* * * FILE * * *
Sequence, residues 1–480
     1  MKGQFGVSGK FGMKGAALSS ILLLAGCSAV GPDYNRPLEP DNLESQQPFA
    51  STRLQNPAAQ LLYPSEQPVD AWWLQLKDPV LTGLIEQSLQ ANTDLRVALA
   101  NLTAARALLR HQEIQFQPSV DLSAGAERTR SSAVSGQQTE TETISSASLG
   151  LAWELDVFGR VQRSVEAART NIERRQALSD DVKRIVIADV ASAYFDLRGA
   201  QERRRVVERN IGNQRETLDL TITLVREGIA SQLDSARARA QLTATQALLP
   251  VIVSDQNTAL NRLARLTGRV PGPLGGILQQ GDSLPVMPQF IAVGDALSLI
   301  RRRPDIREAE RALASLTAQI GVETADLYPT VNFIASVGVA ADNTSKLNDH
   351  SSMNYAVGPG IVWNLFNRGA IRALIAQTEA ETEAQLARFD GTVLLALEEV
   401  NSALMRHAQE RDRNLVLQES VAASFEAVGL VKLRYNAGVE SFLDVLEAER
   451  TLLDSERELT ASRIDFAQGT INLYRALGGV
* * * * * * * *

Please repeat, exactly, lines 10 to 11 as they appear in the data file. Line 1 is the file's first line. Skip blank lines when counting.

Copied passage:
   401  NSALMRHAQE RDRNLVLQES VAASFEAVGL VKLRYNAGVE SFLDVLEAER
   451  TLLDSERELT ASRIDFAQGT INLYRALGGV